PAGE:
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Legal proceedings formally lodged against Crown Prosecution Service for failure to pursue rape cases

24 Sep 2019

A UK-wide Coalition of women’s organisations, represented by the Centre for Women’s Justice (CWJ), commenced legal proceedings against the Crown Prosecution Service at the High Court today (24th September 2019), claiming that the Crown Prosecution Service (CPS) has covertly changed its policy and practice in relation to decision-making on rape cases, leading to a dramatic fall in the number of rape cases being charged.

The End Violence Against Women Coalition (EVAW) argues that this change in practice, and the resulting collapse in cases going to court, discriminates against women and girls, and is a major failure to protect their human rights. It is appalling that such a change should be implemented at a time when more women than ever are coming forward and reporting this serious crime.

Katie Russell, national spokesperson for Rape Crisis England & Wales said:

“Rape Crisis England & Wales and its member Centres have witnessed the Criminal Justice System routinely and significantly failing victims and survivors of all forms of sexual violence and abuse for many years.

For the same considerable length of time, we have called for an urgent and complete overhaul of the System to improve access to justice for those subjected to these serious, traumatic crimes, which have wide-ranging, long-lasting impacts on their lives and health.

But while victims’ and survivors’ willingness to report to the police has continued to increase, criminal justice outcomes for them have sharply and alarmingly declined, particularly in the last two years. The situation is now beyond critical and cannot be allowed to continue. This is why we are supporting this legal action.”

EVAW Coalition Campaigns Manager Rebecca Hitchen said:

“In the last two months our lawyers at the Centre for Women’s Justice have been tirelessly building and finalising the case against the CPS and we are extremely confident in the evidence that has been amassed. Statistics released by the CPS just last week revealed the prosecution rate to be the lowest on record, showing the urgency and importance of this legal action.

“Every day survivors of rape are being failed by a criminal justice system which appears to have effectively decriminalised rape. We argue that CPS leaders have quietly changed their approach to decision-making in rape cases, switching from building cases based on their ‘merits’ back to second-guessing jury prejudices. “It is vital that the CPS, a state institution so central to women’s access to justice, is held to account for any internal policy change that has adversely impacted the likelihood of rape cases reaching court.

“While EVAW and CWJ are only two small organisations, going against the legal giant of the CPS, we remain undaunted by the prospect as we know their failings cannot continue unchecked. We have heard from so many women who’ve been raped, and from our member organisations who support survivors of rape, telling us about cases being dropped for unfathomable reasons.

“Given the strong public interest in this case we are hopeful that this matter goes before a judge at the earliest possible opportunity.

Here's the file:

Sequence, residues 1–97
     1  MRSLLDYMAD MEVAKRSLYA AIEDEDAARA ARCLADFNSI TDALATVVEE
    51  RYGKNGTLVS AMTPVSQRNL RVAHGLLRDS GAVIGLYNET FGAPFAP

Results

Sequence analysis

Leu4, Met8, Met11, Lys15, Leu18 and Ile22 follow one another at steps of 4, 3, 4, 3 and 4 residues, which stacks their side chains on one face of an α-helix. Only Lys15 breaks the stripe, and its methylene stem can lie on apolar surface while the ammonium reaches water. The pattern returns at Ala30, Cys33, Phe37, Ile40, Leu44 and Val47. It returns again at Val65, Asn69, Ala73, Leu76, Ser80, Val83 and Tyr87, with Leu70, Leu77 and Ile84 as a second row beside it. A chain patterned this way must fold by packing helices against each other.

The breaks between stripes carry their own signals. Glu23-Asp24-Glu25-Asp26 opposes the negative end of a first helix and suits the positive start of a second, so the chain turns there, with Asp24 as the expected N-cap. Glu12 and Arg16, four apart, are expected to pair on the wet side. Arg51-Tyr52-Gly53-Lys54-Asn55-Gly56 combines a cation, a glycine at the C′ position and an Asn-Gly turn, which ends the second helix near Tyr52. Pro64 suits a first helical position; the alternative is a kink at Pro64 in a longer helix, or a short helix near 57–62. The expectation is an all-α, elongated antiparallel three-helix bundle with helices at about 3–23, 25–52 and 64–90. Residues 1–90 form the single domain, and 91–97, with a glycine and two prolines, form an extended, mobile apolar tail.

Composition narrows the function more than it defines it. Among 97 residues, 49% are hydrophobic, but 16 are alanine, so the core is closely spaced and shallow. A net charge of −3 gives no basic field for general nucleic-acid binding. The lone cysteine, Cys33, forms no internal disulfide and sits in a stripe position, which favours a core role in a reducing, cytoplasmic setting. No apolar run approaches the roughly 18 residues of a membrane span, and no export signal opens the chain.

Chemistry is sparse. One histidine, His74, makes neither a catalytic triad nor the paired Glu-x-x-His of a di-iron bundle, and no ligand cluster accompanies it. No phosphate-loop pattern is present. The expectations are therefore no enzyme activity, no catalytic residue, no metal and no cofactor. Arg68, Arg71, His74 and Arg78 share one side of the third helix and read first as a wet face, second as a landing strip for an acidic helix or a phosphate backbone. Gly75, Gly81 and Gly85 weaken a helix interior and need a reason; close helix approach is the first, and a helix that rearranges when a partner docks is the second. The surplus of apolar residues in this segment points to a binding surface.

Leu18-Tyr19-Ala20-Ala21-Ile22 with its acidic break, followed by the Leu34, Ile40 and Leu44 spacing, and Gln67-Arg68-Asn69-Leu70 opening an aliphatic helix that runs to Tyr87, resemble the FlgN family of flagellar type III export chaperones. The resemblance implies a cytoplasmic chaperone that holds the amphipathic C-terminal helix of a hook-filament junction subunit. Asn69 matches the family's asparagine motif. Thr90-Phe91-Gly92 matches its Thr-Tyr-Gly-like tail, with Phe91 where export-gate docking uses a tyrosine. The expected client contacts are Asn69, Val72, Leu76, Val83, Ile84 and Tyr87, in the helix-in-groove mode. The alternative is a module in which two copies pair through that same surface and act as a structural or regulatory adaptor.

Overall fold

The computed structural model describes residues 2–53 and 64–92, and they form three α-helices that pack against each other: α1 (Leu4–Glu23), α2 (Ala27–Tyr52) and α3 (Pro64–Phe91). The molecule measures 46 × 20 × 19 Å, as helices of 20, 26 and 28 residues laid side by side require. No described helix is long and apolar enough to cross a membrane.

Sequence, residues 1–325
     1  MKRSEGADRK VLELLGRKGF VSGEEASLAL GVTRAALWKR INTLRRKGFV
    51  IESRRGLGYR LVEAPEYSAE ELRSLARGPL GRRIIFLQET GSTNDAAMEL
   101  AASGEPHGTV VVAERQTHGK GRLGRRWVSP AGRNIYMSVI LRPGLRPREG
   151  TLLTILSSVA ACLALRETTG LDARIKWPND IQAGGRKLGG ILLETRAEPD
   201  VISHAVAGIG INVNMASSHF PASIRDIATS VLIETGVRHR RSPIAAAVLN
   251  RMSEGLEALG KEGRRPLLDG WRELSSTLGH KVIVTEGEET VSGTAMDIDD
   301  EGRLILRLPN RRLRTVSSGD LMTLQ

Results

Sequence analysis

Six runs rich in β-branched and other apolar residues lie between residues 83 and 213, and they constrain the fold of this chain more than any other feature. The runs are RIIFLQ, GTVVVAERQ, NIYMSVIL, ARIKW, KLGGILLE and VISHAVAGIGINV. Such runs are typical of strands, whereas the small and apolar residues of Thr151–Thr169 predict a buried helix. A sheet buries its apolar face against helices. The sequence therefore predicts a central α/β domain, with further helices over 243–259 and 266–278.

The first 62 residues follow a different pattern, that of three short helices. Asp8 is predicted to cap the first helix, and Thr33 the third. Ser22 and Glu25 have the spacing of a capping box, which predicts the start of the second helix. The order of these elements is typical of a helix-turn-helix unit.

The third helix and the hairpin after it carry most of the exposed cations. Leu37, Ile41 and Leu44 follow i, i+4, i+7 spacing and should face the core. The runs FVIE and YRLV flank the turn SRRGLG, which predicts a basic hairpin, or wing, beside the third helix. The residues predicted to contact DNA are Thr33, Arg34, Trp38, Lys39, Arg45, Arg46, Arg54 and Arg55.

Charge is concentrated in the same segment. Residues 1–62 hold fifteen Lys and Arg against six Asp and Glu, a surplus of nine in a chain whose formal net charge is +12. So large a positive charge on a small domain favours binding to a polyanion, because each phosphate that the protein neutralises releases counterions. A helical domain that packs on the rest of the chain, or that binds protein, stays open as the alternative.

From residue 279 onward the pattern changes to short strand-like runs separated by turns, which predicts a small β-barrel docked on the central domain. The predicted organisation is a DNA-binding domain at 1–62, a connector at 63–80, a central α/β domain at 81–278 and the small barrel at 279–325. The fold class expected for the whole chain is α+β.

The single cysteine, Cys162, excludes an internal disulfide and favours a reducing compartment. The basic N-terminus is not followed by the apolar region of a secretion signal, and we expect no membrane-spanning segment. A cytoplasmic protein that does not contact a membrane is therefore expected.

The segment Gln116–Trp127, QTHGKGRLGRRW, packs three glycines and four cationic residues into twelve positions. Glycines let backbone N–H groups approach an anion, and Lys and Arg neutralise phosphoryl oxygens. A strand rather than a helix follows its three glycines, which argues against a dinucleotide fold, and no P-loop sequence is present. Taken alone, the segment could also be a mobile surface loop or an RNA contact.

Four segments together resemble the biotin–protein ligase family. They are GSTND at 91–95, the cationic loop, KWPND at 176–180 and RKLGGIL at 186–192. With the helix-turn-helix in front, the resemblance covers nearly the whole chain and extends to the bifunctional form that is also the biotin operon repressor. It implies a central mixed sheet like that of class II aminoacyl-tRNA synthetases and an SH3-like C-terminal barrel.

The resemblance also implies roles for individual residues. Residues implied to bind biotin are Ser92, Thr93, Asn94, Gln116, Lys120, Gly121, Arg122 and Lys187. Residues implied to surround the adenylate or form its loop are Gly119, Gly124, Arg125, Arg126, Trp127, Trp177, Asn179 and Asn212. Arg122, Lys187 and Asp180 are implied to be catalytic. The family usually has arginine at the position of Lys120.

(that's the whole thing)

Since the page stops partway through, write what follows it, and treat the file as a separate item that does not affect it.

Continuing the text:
The CPS and Ministry of Justice’s own figures show that while rapes reported to the police have nearly tripled (up by 173%) between 2014 and 2019, the number of cases charged and sent to court is actually down by 51% across 5 years and is the lowest on record.

Harriet Wistrich, Director of the Centre for Women’s Justice who is bringing this case for EVAW, said:

“The CPS have said they will robustly defend this claim and deny any responsibility for the dramatic decline in prosecution, instead blaming the police and disclosure issues. However, we have undertaken a major research and evidence gathering exercise and have presented a large mass of compelling evidence from a range of sources, including expert statistical analysis, whistle blowing testimony, a dossier of 20 cases and accounts from police and frontline advocates, which together show that a small cultural shift at the top of the CPS has had a butterfly effect leading to the devastating changes."

Rebecca* was raped at knifepoint and held prisoner for two days by her boyfriend, a man who was known by the police to be violent. Despite lots of evidence of violence against Rebecca, the CPS prosecutor dropped the case saying Whatsapp messages she had sent to placate her attacker could be misinterpreted by the jury.

Rebecca* said of her experience:

“I was told by the police that I had a really strong case – my rapist was known to them, and unknown to me he had a history of violence against previous partners, plus I had evidence of the attack. But a judgement was made about my physical reaction to being raped not being the right one, and the CPS dropped my case. I was denied my day in court and this man was able to walk free and not answer for what he did to me – and if he could do that to me, he could do the same to someone else.”

Gina* was raped repeatedly by her husband but the case was dropped because the CPS prosecutor felt the jury may not understand the dynamics of a coercive and controlling relationship. Rape in a domestic violence context is a large proportion of rapes reported to police and referred on to CPS.

Survivor Beth* said of her experience: “To have built the courage to finally go forward after other sexual offences and a rape had happened, and then for the case to be dropped like that, it made me think well if you’re a kid growing up with abuse then you really have nowhere to turn to.” 

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